The partially esterified phenolic resin polyol is then reacted with an isocyanate-terminated prepolymer as prepared in Example 9 to produce a coating system that has good compatibility with alkyd and uralkyd coatings, good performance, and fast dry to tack-free times.

EXAMPLE 11 Preparation of a 6-Functional Phenolic Resin Polyol using Formaldehyde as a Coupling Agent

A low-cost phenolic resin polyol can be made by using a simple aldehyde (such as formaldehyde) as a coupling agent in place of some or all of the divinylbenzene normally used. These phenolic resin polyols provide cost advantages for the same polymer products (polyurethanes, polyesters, alkyds, etc.) described above.

A three-liter resin kettle equipped with mechanical stirrer, addition funnel, condenser/Dean-Stark trap, and inlets for nitrogen and vacuum, is charged with bisphenol A (565 g) and o-xylene (200 g), and the mixture is heated to 140 C. under nitrogen. Methanesulfonic acid (70%, 0.6 g) is added. α-Methylstyrene (292 g) is added, and the mixture is allowed to react for an additional 10 min. at 140 C. following the addition. The decanter is filled with o-xylene. Formaldehyde (50%, 130 g) is added in slow, continuous drops over 1 h, and water is removed continuously by azeotropic distillation. After formaldehyde addition is complete, the mixture is heated at 150-160 C. for 20 min. Vinyl toluene (487 g) is added at 150 C. over 30 min., and the mixture is kept at 150 C. for another 40 min. Potassium hydroxide solution (50%, 2.0 g) is added, followed by propylene carbonate (436 g), and the mixture is heated at 170 C. for 14 h with an open system to vent carbon dioxide generated in the reaction. Analysis by FTIR indicates >90% conversion of propylene carbonate. Mineral spirits (400 g) is added, and the mixture is heated to 170 C. The hot mixture is filtered using a 30 micron fritted glass funnel and CELITE 545 filter aid. The filtrate is recharged to the reactor, heated to 160-170 C., and distilled under vacuum (17 in. Hg) to remove all solvent. The mixture is cast into an aluminum pan and allowed to cool and flake.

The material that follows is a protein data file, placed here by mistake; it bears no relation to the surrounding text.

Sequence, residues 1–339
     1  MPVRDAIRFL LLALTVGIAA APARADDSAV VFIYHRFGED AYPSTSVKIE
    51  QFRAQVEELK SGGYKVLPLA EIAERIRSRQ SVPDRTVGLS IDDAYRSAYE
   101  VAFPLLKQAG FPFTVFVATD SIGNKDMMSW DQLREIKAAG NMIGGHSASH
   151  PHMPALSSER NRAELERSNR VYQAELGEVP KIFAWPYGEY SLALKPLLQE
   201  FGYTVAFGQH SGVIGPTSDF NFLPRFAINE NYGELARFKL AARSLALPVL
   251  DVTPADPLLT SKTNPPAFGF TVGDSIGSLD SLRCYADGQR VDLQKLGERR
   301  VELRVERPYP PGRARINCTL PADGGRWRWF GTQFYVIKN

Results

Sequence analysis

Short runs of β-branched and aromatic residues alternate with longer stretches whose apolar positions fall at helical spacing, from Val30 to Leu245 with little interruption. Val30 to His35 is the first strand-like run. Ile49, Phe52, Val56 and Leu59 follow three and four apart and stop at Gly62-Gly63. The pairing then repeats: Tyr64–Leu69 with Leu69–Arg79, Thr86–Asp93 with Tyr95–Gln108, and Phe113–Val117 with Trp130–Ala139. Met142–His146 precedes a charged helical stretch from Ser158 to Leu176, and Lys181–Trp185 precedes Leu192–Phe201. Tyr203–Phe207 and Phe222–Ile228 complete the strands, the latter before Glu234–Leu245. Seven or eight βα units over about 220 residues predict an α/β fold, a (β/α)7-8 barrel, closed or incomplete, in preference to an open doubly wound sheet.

EXAMPLE 12 Preparation of a Polyurethane-Modified Alkyd (Uralkyd) Coating

A one-liter reactor equipped with a Dean-Stark trap and condenser is charged with a 6-functional phenolic resin polyol as prepared in Example 11 (200 g) and XTOL-100 tall oil system (161 g, product of Georgia-Pacific Resins, Inc. that contains about 45% oleic acid, 40% linoleic acid, and remainder of acidic, highly unsaturated products). o-Xylene (40 g) is added to the mixture, and the Dean-Stark trap is filled with o-xylene. The mixture is heated to 245 C. for 6 h while maintaining a reflux (to carboxyl number 26). Fatty acids (about 22 g) are vacuum distilled from the reactor at 245 C. over 1 h to give a product having carboxyl number 9. The product is a partially esterified phenolic resin polyol.

The partially esterified phenolic resin polyol is then reacted with an isocyanate-terminated prepolymer as prepared in Example 9 to produce a coating system that has good compatibility with alkyd and uralkyd coatings, good performance, and fast dry to tack-free times.

EXAMPLE 13 Preparation of a Polyurethane-Modified Alkyd (Uralkyd) Coating

A 100-mL beaker is charged with a magnetic stir bar and a portion of the partially esterified 6-functional phenolic resin polyol prepared in Example 10 (70 wt. % solids, 28.6 g). The mixture is heated to 150 C., and a sample of the monoglyceride prepared in Example 9 (10 g) is added. Isophorone diisocyanate (5.0 g) is added, and the reaction temperature is kept at 150 C. for 20 min. The reaction mixture is diluted to 60 wt. % solids with mineral spirits. A portion of this solution (5 g) is mixed with 0.01 g of a metal drier package, and is drawn down into a coating on a steel plate using a number 6 bar. The 1-mil coating sample is tack-free in 4 h. Pencil hardness is 5B in 24 h, and 1B in 3 days. The sample continues to harden, and achieves HB in 10 days. Adhesion is maintained at a 5B (cross hatch back side impact) up to impacts greater than 60 inch pounds.